is left to the applications programmer.

Returns : The box handle

Example : BoxDrag(bhObject, bhDomain)

IF !( LASTKEY() == K_ESC )
BoxUnshow( bhObject )
BoxShow( bhObject )
ENDIF















BoxSize()

Purpose : To allow resizing of a box.

Syntax : BoxSize(, )

Arguments : is a handle returned from BoxNew().

is also a handle returned from the
BoxNew() function which is used as the workspace
within which the primary box may be resized.

Attempts to size beyond the borders of bhDomain
will be prevented. A minimum size of two rows
and two columns is enforced in order to prevent
losing the box.

OF INTEREST : "size" does not reset the values
of the box object nor does it automatically repaint
the box. Both of these responsiblities are left
to the applications programmer.

OF INTEREST : Sizing the box is accomplished by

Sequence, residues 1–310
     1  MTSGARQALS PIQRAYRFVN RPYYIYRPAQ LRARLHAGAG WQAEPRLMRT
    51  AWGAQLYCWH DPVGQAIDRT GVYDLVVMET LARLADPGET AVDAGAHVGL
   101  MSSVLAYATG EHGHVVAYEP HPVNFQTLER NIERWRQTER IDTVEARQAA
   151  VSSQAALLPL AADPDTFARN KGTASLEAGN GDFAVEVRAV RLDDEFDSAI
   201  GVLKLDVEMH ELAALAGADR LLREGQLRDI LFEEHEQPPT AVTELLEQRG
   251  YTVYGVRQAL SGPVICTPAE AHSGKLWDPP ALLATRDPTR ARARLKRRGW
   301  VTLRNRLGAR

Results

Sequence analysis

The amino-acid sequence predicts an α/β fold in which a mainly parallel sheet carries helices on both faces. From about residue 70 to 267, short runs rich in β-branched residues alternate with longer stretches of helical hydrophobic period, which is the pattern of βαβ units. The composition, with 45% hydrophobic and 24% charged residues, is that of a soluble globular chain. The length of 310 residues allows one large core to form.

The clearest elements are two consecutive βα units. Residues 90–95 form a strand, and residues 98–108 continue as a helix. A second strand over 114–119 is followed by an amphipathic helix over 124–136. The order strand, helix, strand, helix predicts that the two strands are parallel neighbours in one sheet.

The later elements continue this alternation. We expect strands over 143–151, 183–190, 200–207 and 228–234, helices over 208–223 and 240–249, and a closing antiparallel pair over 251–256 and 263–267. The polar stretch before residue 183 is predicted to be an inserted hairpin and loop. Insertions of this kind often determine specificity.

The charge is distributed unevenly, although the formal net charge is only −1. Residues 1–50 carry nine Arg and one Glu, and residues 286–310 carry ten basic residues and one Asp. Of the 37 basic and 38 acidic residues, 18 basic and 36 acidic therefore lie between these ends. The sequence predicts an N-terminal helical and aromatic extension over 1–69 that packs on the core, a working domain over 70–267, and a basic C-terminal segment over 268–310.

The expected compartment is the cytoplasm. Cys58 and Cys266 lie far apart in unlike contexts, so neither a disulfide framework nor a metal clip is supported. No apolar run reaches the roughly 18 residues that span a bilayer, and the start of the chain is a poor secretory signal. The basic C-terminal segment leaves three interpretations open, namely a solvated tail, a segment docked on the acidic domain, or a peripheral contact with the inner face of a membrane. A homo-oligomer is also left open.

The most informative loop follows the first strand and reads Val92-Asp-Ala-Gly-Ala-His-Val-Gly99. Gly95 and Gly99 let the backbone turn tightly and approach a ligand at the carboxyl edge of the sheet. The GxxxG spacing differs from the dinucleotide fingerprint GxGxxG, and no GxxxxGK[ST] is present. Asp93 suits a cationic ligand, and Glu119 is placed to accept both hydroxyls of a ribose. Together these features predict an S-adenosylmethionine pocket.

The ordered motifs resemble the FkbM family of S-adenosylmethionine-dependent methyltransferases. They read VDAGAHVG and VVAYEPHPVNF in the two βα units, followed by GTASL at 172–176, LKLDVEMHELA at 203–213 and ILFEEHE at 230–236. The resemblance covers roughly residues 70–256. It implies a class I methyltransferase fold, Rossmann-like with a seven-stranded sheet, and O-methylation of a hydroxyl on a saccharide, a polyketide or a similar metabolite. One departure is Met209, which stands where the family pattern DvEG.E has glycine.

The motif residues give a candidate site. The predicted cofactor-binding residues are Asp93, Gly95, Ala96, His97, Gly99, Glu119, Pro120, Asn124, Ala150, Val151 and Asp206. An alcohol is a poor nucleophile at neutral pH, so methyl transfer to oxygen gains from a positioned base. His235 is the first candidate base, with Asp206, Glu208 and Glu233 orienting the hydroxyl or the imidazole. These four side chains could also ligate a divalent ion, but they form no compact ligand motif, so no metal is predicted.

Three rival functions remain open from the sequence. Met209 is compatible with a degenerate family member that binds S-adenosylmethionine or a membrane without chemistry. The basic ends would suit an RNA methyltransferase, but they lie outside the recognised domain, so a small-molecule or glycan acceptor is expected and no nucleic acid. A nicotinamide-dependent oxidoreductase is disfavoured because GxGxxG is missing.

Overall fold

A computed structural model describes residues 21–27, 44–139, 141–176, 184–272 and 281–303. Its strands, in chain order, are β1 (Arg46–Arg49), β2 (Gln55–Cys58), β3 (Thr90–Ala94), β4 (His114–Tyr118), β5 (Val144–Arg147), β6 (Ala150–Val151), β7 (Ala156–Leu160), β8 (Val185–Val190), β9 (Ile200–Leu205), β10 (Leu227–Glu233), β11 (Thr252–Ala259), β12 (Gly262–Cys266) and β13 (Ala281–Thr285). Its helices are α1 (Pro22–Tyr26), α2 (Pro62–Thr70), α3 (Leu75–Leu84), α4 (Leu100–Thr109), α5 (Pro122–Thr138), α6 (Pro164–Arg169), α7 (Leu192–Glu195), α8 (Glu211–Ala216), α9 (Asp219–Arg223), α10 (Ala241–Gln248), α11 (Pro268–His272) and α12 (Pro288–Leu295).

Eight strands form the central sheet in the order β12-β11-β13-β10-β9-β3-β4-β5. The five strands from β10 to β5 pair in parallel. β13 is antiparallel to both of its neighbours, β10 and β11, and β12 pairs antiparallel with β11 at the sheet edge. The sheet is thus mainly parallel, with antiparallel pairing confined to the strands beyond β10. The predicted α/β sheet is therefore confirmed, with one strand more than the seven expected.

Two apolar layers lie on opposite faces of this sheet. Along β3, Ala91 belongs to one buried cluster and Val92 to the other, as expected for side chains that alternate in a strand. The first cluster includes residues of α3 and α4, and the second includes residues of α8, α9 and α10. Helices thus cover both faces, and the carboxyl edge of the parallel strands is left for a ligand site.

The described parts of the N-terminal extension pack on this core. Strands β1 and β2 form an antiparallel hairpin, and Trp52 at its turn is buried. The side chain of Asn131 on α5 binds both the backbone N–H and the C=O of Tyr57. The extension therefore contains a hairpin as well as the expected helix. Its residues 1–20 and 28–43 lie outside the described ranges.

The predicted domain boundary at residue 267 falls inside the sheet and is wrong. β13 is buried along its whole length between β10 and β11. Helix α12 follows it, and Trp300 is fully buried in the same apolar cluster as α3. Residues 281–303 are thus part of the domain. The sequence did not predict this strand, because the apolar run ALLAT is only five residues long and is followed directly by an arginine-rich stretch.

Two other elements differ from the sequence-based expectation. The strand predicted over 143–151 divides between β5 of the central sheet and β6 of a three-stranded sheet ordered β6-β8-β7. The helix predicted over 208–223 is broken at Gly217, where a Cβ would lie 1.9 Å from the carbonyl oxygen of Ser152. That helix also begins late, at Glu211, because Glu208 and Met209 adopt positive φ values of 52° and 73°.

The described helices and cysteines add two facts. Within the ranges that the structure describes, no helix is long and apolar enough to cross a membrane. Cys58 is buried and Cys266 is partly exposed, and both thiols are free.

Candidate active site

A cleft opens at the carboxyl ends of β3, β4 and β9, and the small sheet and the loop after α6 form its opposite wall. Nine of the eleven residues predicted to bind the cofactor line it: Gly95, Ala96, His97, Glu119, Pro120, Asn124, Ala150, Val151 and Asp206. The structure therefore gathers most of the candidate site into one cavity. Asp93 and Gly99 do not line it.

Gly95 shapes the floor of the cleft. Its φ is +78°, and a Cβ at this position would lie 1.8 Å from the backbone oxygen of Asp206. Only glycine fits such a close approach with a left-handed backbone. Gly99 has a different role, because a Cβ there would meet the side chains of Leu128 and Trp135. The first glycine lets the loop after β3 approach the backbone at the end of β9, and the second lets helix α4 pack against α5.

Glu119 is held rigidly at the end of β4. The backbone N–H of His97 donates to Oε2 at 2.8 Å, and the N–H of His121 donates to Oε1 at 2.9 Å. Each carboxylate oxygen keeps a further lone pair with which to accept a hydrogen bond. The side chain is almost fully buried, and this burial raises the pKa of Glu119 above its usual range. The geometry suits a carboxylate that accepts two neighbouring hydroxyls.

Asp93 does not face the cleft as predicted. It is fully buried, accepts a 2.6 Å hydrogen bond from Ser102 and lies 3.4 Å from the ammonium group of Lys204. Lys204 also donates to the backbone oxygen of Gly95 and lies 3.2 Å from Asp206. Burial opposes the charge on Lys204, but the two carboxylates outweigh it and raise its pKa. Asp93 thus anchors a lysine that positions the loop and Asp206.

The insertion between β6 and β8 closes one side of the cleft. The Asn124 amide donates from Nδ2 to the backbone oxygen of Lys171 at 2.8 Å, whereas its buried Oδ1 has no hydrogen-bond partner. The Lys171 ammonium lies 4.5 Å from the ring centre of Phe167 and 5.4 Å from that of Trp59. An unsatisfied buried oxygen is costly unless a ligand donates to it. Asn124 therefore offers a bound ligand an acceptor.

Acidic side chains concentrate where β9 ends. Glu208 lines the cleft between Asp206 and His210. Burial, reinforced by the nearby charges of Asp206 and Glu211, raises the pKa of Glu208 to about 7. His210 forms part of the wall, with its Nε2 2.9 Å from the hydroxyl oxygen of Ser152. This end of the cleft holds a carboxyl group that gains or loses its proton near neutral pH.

using the four arrow keys as well as the HOME,
END, PG UP and PG DN keys. Pressing the ENTER
key or the ESCAPE key terminates sizing.

If the ENTER key is used the dimensional values
of the box will be updated. If the ESCAPE key is
pressed the values will remain unchanged. As a
result BoxSize() does not automatically repaint
the box. Responsibility for updating the screen
is left to the applications programmer.

Returns : The box handle

Example : BoxSize(bhObject, bhDomain)

IF !( LASTKEY() == K_ESC )
BoxUnshow( bhObject )
BoxShow( bhObject )
ENDIF








BoxReshow()

Purpose : To refresh the onscreen image of a box.

Syntax : BoxReshow(, )

Arguments : is a handle returned from BoxNew().

is a key word used to indicate the
attribute which should be redrawn it must be
one of the following :

BX_FRAME reshows the frame
BX_TITLE reshows the title

OF INTEREST : Reshowing the frame or title will
not affect text within the box. Other attributes
including text within the box cannot currently be
repainted should that become necessary it remains
the responsibility of the applications programmer.

Returns : The box handle

Example : BoxReshow(bhObject, BX_FRAME)


























BoxSave()

Purpose : To save the current position, size and screen image
of a box.

Syntax : BoxSave()

Arguments : is a handle returned from BoxNew().

OF INTEREST : The BoxSave() function is reserved